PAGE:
Community and student activists died in droves on campus yesterday evening, collapsing from mock injuries in another “die-in” protest of the University of Chicago Medical Center’s lack of a Level 1 trauma center.
Members of South Side advocacy group Fearless Leading by the Youth (FLY) and student RSO Student Health Equity joined members of the community in a march from the corner of East 61st Street and South Cottage Grove Avenue onto the main quadrangles, calling for the UCMC to re-open its trauma center.
Protesters staged a “die-in” to commemorate those who they allege have died after sustaining fatal injuries without having immediate access to trauma care on the South Side. Currently, there is no Level 1 trauma center on the South Side.
In a novel moment of Halloween flair, protesters then pretended to raise the “dead” and danced to Michael Jackson’s “Thriller.”
“It’s wonderful to see how much passion they have and great to listen to what others are asking the University to be and have that voice heard,” third-year Olivia Woollam said.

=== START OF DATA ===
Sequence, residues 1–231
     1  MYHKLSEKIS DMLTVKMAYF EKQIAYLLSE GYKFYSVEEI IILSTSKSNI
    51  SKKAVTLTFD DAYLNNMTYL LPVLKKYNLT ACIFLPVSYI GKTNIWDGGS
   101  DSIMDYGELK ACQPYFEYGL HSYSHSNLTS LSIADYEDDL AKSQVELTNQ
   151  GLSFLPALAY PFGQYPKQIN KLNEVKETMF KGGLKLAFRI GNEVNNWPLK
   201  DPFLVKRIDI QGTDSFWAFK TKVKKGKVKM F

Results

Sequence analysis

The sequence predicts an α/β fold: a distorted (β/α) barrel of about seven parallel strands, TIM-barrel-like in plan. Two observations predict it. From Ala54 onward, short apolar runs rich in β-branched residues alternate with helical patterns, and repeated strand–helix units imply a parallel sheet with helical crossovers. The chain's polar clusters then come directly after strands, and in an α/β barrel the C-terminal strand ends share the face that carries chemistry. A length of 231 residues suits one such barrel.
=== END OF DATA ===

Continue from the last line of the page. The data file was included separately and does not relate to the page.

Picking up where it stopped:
The corner from which the march began had great significance for the protesters—it was the street corner where 18-year-old Damien Turner, a FLY co-founder and activist calling for a trauma center, was fatally wounded in a drive-by shooting in August 2010. Turner was pronounced dead at Northwestern Memorial Hospital on North Columbus Drive in the Loop an hour and a half after the shooting.
After Turner’s death, activists began calling for a study to explore the feasibility of a trauma center at the UCMC. At an October 20 “teach-in” meant to spread awareness about trauma care on the South Side, Northwestern University School of Medicine Professor Marie Crandall argued that re-opening the UCMC trauma center would save about seven lives each year, despite costing the hospital $15 million annually.
The UCMC closed its adult trauma center in 1988 in order to invest in clinical specialties best suited for a research-based university hospital, according to a statement the hospital released on Monday morning in response to calls for a feasibility study. The UCMC is working to address other health issues on the South Side, the statement said, including HIV, diabetes, obesity, and breast cancer.
“The data do not support the need for a feasibility study on a Level I adult trauma center here,” the statement reads.
Activists said that for residents of the South Side, the re-opening of the trauma center would mean more than just receiving better medical care.
“It means a change, a longing for a place for us at UChicago, a place that is safe, where people care,” 16-year-old FLY member Victoria Carter said.